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New Results on Prime Vertex Labelings, III

77d59004fef10003e155461c4c47e037?s=47 Dana Ernst
February 28, 2015

New Results on Prime Vertex Labelings, III

This talk was given by my undergraduate research students Michael Hastings, Hannah Prawzinsky, and Alyssa Whittemore on February 28, 2015 at the at the Southwestern Undergraduate Mathematics Research Conference (SUnMaRC) at the University of Texas at El Paso.

This research was supported by the National Science Foundation grant #DMS-1148695 through the Center for Undergraduate Research (CURM).

77d59004fef10003e155461c4c47e037?s=128

Dana Ernst

February 28, 2015
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  1. New Results on Prime Vertex Labelings, III Michael Hastings, Hannah

    Prawzinsky & Alyssa Whittemore Joint work with: Nathan Diefenderfer, Levi Heath, Briahna Preston & Emily White SUnMaRC February 28, 2015
  2. What is a Graph? Definition A graph G(V, E) is

    a set V of vertices and a set E of edges connecting some (possibly empty) subset of those vertices. A simple graph is a graph that contains neither “loops” nor multiple edges between vertices. A connected graph is a graph in which there exists a “path” between every pair of vertices. For the remainder of the presentation, all graphs are assumed to be simple and connected.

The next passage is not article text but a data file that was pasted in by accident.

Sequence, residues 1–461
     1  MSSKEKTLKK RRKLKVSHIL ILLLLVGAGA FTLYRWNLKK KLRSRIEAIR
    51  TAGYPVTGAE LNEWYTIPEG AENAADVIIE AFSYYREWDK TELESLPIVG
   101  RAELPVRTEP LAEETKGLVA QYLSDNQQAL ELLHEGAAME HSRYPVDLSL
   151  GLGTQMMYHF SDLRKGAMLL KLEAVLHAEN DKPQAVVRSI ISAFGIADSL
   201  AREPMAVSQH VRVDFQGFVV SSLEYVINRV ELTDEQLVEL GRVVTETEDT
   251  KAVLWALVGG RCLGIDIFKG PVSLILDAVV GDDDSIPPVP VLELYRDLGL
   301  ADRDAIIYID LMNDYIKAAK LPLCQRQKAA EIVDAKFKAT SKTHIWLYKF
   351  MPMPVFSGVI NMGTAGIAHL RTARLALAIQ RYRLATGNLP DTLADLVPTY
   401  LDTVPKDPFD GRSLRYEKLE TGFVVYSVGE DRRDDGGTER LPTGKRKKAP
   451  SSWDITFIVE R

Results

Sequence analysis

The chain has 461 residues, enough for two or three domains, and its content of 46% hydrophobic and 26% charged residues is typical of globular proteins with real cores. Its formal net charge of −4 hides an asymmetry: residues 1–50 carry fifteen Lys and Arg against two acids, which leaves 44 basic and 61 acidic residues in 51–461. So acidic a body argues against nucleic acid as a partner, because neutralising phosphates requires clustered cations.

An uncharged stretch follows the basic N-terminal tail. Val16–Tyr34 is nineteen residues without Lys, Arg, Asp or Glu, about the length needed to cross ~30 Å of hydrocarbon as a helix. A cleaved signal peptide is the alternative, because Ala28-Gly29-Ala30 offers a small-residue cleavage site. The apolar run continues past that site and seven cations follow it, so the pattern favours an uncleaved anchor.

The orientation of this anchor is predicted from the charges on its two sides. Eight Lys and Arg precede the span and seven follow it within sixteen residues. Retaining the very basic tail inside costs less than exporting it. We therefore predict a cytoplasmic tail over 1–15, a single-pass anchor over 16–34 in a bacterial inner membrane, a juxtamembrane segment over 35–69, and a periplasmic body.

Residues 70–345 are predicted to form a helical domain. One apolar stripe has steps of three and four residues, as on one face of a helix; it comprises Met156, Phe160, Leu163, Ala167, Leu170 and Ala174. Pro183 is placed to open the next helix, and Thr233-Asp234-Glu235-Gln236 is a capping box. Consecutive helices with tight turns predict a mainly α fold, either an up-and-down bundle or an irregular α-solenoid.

3. Infinite Families of Graphs P8 C12 S5

  4. Prime Vertex Labelings Definition An n-vertex graph has a prime

    vertex labeling if its vertices are labeled with the integers 1, 2, 3, . . . , n such that no label is repeated and all adjacent vertices (i.e., vertices that share an edge) have labels that are relatively prime. 1 6 7 4 9 2 3 10 11 12 5 8 Some useful number theory facts: All pairs of consecutive integers are relatively prime. Consecutive odd integers are relatively prime. A common divisor of two integers is also a divisor of their difference. The integer 1 is relatively prime to all integers.
  5. Cycle Chains Definition A cycle chain, denoted Cm n ,

    is a graph that consists of m different n-cycles adjoined by a single vertex on each cycle (each cycle shares a vertex with its adjacent cycle(s)). Here we show labelings for Cm 4 , Cm 6 , and Cm 8 . The labelings for these three infinite families of graphs all employ similar strategies.